Boxwood (Buxus L.) is a very important ornamental plant in landscapes in the United States and has a significant share of wholesale ornamental plant sales. The horticultural and landscape industries depend on the economical production and maintenance of healthy boxwood plants. The pathogen causing boxwood blight, Calonectria pseudonaviculata, first occurred in 2011 in Connecticut and North Carolina and has since spread to at least 21 states and three Canadian provinces. It has been found in landscapes, commercial production nurseries, garden centers, and in wholesale distribution. Total losses in Connecticut alone amount to an estimated $5.5 million (LaMondia 2015). Boxwood blight is difficult and costly to control with fungicides. Because of the requirement for repeated application of fungicides, the development of resistance is a real threat. Therefore, the assessment of the potential for development of resistance (or reduced fungicide sensitivity) is important to develop an effective spray program and to be able to avoid fungicide resistance. The use of multiple fungicide active ingredients in mixtures or rotational application as well as best management practices should be targeted.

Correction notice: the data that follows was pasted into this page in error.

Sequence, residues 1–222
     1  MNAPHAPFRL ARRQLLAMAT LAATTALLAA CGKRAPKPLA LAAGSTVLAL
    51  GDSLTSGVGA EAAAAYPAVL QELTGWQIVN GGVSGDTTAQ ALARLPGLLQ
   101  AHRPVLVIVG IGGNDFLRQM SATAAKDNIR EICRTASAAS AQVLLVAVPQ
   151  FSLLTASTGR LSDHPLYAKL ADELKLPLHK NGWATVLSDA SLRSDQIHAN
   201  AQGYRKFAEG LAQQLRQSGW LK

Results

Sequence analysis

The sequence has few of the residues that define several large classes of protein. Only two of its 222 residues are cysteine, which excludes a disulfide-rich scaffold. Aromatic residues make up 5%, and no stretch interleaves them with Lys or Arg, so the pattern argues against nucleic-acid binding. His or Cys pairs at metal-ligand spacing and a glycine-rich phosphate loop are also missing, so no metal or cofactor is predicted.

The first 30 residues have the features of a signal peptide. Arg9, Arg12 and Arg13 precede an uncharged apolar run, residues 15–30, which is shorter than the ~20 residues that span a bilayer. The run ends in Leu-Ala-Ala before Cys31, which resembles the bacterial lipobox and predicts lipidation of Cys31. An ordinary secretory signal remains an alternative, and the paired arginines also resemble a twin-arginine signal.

Green Roof Substrates
Shallow Substrates Support the Growth of Contrasting Plant Types Installed in Irrigated, Arid-Climate Green Roofs. Lauren Forrest, Rachel Gioannini, Dawn M. VanLeeuwen, and Rolston St. Hilaire. Journal of Environmental Horticulture 35(4):146–155.
Green roofs make many positive impacts on the environment, including reduced air temperatures, slowing storm water, filtering pollutants from the atmosphere and providing wildlife habitat. Most research done into suitable growing media for green roofs has been done in climates with more precipitation and humidity than the arid environment of the Chihuahuan desert where this experiment was conducted. Substrate depth plays a significant role in green roof design in arid climates, where evaporation is high. This research demonstrates that hens and chicks and iceplant taxa were successful in 10 and 15 cm substrate depths in a simulated green roof setting. Nursery personnel wishing to grow these taxa in arid green roofs could use substrate depths of 10 cm or deeper.